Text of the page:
The Sunday Telegraph (Sydney) - Escape - - ASK THE EXPERT | DOC HOLIDAY - KIM CULYER

My wife and I are join­ing an ad­ven­ture cruise from Ushuaia, to the Falk­lands, South Ge­or­gia and Antarc­tica in De­cem­ber and would like to take a guided or self-guided tour through Patag­o­nia in the two weeks be­fore­hand. Do you have any sug­ges­tions? We are quite used to ad­ven­ture travel in four-wheel drive ve­hi­cles and are happy to use the ser­vices of a driver/guide.


Patag­o­nia, the huge re­gion cov­er­ing the South­ern An­des in Chile and Ar­gentina, is full of vol­ca­noes, lakes, glaciers and fjords, to­gether with Ushuaia, the most southerly city in the world.

De­cem­ber is one of the best times to go and For­ward Travel (for­ward­ is one com­pany which pro­vides a 12-day guided, ad­ven­ture-style tour. Dur­ing the trip, you would spend four days in and around one of the main high­lights, the Tor­res del Paine Na­tional Park, the eighth won­der of the world. Here you will see the three mighty gran­ite peaks of the Paine moun­tain range, val­leys, rivers, lakes and glaciers.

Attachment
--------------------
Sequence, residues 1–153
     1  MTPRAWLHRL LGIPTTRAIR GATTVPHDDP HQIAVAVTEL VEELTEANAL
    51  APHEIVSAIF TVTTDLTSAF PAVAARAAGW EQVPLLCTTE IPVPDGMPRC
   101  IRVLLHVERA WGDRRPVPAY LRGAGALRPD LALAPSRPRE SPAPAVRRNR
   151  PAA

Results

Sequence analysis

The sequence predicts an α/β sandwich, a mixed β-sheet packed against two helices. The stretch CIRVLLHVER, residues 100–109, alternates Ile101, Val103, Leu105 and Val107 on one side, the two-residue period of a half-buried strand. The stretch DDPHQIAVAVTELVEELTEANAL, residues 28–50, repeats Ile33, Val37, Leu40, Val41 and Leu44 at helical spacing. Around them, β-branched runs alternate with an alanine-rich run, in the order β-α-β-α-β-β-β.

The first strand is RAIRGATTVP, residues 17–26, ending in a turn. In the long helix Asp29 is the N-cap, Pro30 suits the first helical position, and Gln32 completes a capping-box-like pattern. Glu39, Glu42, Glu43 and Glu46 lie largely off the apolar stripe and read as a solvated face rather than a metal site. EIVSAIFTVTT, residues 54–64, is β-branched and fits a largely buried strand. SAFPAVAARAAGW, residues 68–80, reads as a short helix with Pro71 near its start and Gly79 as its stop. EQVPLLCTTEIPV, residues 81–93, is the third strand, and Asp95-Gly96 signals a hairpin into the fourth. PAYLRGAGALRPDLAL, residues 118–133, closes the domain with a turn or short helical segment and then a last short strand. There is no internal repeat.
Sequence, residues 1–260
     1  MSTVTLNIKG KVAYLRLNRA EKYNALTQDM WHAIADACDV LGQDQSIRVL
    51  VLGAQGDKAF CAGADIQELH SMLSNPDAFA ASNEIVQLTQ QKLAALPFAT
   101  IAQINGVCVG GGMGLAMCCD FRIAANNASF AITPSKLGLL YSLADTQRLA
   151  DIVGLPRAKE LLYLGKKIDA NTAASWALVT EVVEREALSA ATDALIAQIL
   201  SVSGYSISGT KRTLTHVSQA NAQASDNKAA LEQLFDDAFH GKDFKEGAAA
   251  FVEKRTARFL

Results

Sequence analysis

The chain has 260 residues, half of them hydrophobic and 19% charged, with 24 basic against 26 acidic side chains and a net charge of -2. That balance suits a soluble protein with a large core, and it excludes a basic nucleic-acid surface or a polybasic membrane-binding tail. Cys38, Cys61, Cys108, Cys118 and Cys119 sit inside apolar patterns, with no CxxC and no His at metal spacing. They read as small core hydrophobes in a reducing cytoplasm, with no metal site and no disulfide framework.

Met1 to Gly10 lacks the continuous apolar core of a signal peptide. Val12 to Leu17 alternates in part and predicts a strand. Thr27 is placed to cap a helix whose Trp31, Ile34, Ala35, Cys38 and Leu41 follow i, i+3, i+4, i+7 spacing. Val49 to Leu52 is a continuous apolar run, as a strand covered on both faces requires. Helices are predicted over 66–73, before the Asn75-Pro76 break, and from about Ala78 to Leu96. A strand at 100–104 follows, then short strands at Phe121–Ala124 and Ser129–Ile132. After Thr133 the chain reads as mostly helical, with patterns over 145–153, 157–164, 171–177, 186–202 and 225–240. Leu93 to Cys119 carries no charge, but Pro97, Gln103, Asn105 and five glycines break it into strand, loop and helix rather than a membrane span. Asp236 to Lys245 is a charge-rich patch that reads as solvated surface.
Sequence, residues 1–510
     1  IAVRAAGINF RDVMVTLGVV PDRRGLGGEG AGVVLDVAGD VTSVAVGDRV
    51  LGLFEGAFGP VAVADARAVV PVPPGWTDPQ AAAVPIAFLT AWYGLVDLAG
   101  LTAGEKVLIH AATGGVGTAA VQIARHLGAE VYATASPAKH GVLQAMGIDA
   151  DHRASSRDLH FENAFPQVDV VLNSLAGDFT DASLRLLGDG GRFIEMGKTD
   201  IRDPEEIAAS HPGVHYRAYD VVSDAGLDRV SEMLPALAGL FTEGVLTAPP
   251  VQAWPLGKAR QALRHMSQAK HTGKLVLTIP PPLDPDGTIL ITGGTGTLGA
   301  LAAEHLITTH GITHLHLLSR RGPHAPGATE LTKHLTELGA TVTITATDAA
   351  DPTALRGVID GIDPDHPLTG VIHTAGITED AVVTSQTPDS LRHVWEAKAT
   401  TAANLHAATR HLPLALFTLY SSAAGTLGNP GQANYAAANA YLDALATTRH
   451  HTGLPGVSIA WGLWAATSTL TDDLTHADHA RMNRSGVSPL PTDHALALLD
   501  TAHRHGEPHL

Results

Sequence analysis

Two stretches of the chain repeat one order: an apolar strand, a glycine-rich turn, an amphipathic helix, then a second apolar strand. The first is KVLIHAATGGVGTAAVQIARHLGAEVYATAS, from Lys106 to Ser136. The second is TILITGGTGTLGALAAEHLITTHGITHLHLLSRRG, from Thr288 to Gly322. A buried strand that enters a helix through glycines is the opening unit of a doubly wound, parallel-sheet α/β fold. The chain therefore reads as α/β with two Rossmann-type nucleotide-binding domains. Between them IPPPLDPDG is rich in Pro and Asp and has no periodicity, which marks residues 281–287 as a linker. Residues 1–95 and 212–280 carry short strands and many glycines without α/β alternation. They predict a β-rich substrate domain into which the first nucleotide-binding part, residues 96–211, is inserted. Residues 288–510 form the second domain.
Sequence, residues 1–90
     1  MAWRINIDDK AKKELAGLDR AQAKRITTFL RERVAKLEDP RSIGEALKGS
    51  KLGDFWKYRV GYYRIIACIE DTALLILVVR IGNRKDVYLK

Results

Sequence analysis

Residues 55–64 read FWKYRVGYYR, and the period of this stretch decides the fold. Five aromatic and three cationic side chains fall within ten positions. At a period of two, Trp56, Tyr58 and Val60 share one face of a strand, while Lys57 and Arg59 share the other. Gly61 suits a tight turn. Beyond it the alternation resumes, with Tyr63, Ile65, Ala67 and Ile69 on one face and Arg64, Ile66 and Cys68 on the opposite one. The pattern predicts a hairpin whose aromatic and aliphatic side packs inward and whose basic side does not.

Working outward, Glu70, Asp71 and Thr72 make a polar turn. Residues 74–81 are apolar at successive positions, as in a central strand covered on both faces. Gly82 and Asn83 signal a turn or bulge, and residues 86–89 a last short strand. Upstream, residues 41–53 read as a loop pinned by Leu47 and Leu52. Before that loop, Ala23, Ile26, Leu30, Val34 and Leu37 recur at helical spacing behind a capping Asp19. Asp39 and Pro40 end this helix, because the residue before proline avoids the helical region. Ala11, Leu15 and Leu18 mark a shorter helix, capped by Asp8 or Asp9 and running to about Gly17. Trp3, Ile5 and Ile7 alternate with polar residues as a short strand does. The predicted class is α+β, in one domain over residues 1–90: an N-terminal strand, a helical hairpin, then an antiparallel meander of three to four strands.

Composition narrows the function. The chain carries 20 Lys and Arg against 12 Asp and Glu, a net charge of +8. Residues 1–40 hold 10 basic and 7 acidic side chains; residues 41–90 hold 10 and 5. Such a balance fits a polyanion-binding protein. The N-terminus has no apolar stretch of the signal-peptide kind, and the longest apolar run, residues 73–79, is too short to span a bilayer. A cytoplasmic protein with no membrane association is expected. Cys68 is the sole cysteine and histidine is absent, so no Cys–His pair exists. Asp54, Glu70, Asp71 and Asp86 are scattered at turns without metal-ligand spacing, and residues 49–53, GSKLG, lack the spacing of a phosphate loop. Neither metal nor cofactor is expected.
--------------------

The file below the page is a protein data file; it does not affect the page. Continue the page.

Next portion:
Con­tours (con­ also spe­cialise in this re­gion and pro­vide many itin­er­ar­ies.

There are sev­eral four- and five­day op­tions you could join to­gether. For ex­am­ple, you could hop aboard the Sko­r­pios III ship and cruise the chan­nels and fjords. This small ship with a max­i­mum of 110 pas­sen­gers traces the same routes as did Dar­win and Fitzroy.

Their eight-day ex­pe­di­tion de­part­ing Ar­gentina, re­traces the route of Charles Dar­win to Cape Horn. You could then stay at the Ex­plora ho­tel, sit­u­ated be­side Lake Pe­hoe in the mid­dle of the Tor­res del Paine Na­tional Park. From here you can choose from ex­cur­sions by ve­hi­cle, trek or horse­back.

Al­ter­na­tively, you could look at one of their in­de­pen­dent tours and make your way along the renowned Car­retera Aus­tral route. Dur­ing the 1000km trail you can linger to en­joy the lo­cals, their foods and hand­i­crafts at your leisure.